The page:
Brain-predicted age difference (BPAD) is the difference between chronological and brain age, the latter being decoded from brain MR images by a machine learning model. BPAD has been established as a biomarker for physical deterioration in multiple sclerosis (MS).
The objective was to examine the value of brain-predicted age difference as a biomarker for cognitive deterioration in MS.
In the first phase we used supervised machine learning (ridge regression, 7-fold cross-validation) to predict chronological age from brain volumes. This was achieved on a sample of 1743 healthy controls (HC) with T1-weighted MR images from a range of public collections, using the icobrain software to compute normalized brain volumes (whole brain, white matter, (cortical) grey matter and lateral ventricles). The age range of this sample was 8 to 94 years. In the second phase we applied this algorithm to decode brain age in 231 T1-weighted MR images from MS patients from two clinical centers. The age range of this sample was 14 to 77 years. BPAD computed for HC (BPADHC) and MS (BPADMS) were compared with an independent student t-test. Cognitive functioning was assessed through the symbol digit modalities test (SDMT), available for all 231 included MS patients, the brief visuospatial memory test revised (BVMT-R) and California verbal learning test II (CVLT-II), the latter two being available for a subset of 97 patients from one center. Pearson correlation was computed between the BPAD values and scores on each cognitive test. P-values were corrected for multiple comparisons by the Benjamini/Hochberg method.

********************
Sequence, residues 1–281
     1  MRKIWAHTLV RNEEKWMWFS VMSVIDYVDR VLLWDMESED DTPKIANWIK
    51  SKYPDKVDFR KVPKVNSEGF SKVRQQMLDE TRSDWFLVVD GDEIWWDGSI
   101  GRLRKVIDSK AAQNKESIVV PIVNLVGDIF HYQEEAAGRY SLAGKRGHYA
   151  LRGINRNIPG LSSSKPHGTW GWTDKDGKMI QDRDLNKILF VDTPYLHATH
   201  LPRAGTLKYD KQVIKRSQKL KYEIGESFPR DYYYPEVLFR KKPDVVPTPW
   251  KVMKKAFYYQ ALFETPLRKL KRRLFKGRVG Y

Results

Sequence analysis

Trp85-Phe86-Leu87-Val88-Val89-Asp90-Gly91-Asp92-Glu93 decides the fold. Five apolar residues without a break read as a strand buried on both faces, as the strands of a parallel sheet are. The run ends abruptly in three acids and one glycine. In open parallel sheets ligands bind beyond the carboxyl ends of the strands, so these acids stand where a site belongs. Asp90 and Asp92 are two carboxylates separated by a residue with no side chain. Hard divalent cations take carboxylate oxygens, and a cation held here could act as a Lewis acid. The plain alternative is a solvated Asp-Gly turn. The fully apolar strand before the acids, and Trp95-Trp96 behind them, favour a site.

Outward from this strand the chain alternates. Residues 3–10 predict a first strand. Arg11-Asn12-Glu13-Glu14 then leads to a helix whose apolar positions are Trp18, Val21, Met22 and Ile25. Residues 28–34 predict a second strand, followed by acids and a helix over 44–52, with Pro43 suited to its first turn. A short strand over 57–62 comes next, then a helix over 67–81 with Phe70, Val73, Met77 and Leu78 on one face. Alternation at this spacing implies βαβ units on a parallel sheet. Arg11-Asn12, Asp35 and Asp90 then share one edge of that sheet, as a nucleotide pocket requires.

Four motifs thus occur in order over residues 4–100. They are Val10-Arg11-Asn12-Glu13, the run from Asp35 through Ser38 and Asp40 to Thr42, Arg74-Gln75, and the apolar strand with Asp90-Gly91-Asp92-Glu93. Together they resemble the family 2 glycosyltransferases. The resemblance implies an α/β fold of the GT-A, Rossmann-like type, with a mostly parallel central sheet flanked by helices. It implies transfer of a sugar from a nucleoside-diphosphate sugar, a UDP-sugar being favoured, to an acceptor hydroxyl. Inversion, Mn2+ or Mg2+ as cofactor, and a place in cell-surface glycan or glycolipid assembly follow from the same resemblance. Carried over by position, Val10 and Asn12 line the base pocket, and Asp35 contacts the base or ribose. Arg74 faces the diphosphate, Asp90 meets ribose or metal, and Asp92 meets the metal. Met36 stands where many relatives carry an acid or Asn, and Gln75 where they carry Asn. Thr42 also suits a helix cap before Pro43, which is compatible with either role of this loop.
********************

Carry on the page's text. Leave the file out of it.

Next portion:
After training, the mean (SD) BPADHC in the best-performing of seven folds was -0.5 (9.2) years, opposed to 9.7 (12.0) years for BPADMS. This difference was statistically significant (p < 0.001). Correlations between BPADMS and SDMT, BVMT-R and CVLT-II were -0.19 (p = 0.005), -0.14 (p = 0.157) and -0.30 (p = 0.005) respectively.
Our results showed a significant association between BPADMS and two cognitive measures in MS, information processing speed and verbal memory. These findings support a potential role for BPADMS as a cognitive biomarker in MS.